I am trying to locate the sound source using MUSIC algorithm in a circular microphone array. The array that I am using is "ReSpeaker Mic Array - Far-field w/7 PDM Microphones", and the distances between microphones are very small, less than 10cm. Is MUSIC algorithm suitable for such a geometry?

If not, which other methods should I try with this array?

If yes, how should the steering vector A be constructed based on the locations of the microphones?

Thanks in advance :)

  • 2
    $\begingroup$ What is your signal bandwidth? This determines if we can do a narrow-band approximation and use the steering vectors. In the case of wide-band, we might need to use a different approach. $\endgroup$
    – learner
    Jun 7, 2023 at 19:53
  • $\begingroup$ @learner makes a good point that the bandwidth of the signal matters. Given that this is an audio application, it's probably safe to assume the frequencies of interest are the human audible range of about 20 Hz to 20 kHz, unless the sound source is something very specific with much narrower bandwidth. If it's the full audible band, the high fractional bandwidth makes beamforming and DOA using phase rather than time delays difficult. $\endgroup$
    – Gillespie
    Jun 9, 2023 at 2:12

3 Answers 3


Problem Summary

You have a couple of difficulties with this problem:

  • The microphone array isn't a uniform linear array (ULA), which is the most straightforward to model steering vectors for.
  • Unless you have a scenario where the types of sounds you'll encounter have a small fractional bandwidth, you can't use standard phased array beamforming or direction finding (DOA) without first bandpass filtering to a narrower bandwidth (I assume the band in question is 20 Hz to 20 kHz, the human audible range). This is because phase delay beamforming rests on the assumption that the signal of interest can be approximated as having one frequency/wavelength.


This question deals with the exact same issue. To solve this problem, the Pyroomacoustics library uses the following steps, as I detail in my answer there:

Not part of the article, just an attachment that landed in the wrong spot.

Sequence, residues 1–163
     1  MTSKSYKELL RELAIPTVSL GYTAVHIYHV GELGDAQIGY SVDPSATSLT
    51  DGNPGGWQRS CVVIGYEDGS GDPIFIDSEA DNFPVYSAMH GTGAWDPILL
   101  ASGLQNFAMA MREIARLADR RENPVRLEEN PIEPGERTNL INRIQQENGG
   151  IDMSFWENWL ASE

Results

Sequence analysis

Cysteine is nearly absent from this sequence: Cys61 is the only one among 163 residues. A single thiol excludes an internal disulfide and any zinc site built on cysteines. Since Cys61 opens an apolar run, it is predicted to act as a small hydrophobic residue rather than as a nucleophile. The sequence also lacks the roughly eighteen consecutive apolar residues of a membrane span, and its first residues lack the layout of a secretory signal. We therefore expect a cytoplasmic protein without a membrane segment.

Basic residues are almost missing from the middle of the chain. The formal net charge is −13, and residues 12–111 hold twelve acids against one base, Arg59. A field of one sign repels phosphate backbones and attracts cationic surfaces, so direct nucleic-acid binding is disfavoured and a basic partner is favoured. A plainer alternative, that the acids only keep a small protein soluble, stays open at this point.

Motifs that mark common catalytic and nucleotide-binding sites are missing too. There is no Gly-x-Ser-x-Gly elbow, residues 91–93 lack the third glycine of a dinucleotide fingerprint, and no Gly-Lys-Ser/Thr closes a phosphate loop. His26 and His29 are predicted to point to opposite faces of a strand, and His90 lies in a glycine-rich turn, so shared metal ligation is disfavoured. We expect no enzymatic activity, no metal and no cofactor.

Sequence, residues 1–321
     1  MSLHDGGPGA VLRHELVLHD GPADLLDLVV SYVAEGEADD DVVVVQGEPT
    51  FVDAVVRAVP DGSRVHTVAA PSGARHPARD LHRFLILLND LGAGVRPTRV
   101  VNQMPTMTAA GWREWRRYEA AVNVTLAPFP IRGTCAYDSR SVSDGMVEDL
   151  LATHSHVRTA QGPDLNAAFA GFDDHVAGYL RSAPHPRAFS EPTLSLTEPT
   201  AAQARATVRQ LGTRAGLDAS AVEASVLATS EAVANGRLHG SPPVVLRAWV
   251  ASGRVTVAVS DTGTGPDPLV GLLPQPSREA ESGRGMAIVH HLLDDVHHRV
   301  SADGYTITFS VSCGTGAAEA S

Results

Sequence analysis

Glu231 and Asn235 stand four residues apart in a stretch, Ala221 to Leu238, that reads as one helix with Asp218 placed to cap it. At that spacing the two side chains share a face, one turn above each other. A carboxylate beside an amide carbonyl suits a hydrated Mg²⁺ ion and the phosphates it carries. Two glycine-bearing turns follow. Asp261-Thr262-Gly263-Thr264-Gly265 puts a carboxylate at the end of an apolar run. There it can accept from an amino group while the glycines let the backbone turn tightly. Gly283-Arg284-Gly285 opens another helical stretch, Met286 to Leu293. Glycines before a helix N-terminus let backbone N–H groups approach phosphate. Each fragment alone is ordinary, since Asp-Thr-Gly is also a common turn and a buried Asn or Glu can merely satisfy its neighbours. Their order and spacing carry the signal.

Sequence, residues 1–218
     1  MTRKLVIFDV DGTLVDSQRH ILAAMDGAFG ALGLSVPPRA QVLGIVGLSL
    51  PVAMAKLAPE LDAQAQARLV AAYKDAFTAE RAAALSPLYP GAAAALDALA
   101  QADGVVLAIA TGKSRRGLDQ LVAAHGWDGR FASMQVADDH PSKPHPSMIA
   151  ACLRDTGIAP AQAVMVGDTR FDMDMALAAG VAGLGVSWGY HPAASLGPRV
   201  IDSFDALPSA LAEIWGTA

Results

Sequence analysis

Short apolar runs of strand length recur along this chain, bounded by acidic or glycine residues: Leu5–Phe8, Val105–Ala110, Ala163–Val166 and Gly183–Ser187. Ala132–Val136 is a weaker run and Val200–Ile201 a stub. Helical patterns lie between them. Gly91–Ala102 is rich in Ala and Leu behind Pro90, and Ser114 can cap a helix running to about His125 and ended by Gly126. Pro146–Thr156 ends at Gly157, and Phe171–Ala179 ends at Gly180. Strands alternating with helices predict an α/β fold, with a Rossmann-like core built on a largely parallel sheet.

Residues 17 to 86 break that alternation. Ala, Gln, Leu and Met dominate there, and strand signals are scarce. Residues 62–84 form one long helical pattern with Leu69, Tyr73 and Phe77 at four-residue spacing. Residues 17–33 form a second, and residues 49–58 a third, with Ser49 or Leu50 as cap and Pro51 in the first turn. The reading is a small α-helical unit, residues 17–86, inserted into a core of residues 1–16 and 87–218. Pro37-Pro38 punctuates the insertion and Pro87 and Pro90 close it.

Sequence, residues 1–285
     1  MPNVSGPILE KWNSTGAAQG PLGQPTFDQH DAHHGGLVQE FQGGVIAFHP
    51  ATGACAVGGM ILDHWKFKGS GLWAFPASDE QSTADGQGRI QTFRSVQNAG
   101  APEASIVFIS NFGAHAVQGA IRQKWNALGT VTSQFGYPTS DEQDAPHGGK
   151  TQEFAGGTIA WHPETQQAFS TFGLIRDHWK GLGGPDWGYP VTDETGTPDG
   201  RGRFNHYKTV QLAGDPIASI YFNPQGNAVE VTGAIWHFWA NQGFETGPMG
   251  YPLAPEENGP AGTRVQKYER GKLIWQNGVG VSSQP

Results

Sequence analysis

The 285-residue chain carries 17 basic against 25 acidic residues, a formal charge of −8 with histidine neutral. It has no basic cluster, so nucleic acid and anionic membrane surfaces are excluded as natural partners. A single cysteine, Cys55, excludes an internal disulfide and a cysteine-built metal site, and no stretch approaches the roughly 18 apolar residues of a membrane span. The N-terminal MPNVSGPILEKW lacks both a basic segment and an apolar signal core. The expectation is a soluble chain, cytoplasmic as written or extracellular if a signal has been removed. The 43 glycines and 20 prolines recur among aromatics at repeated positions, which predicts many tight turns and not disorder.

1. Filter the sounds into narrow frequency bins that have acceptably small fractional bandwidth.
  2. Perform MUSIC separately on each frequency bin, using phase steering vectors based on the array geometry, which can be arbitrary.

I explain in my answer how to calculate steering vectors for an arbitrary array:

Let $X_{array}$ be a 3-by-M matrix of 3-D coordinate locations for the M microphones, and $\hat D_{dir}$ be a 3-by-N matrix of N unit vectors that point in the directions of interest (e.g., perhaps equally spaced in azimuth relative to the array from -90 to +90 degrees). Then, the N steering vectors are given by: $$ V = e^{j\frac{2\pi}{\lambda}\cdot X_{array}^T \hat D_{dir}} $$

where $V$ is M-by-N and $\lambda$ is the wavelength.

See the rest of that answer for more details. Note that in your case, the wavelength $\lambda$ will be different for each frequency bin.

  • 2
    $\begingroup$ Nice answer! +1 $\endgroup$
    – Peter K.
    Jun 9, 2023 at 11:44

The paper 2D DOA estimation with sparse uniform circular arrays in the presence of mutual coupling suggests that the steering vectors are given by:

Equations from linked paper

For your array, it looks like there are 4 sensors at

$$\gamma_n = \frac{n \pi}{2}$$


There is this famous base paper for circular array DoA estimation: Eigenstructure techniques for 2-D angle estimation with uniform circular arrays.

This might help you.

  • $\begingroup$ Would you care to provide at least some brief explanation of what is discussed in the paper you cite? This would allow users to find a brief solution to their problem and if they want to delve into the details they can reach for the paper. Explaining the solution also provides a self-sufficient reference for the future in case the link goes dead or for any other reason (self-sufficiency is a good enough reason on its own in my opinion). $\endgroup$
    – ZaellixA
    Jul 6, 2023 at 21:07

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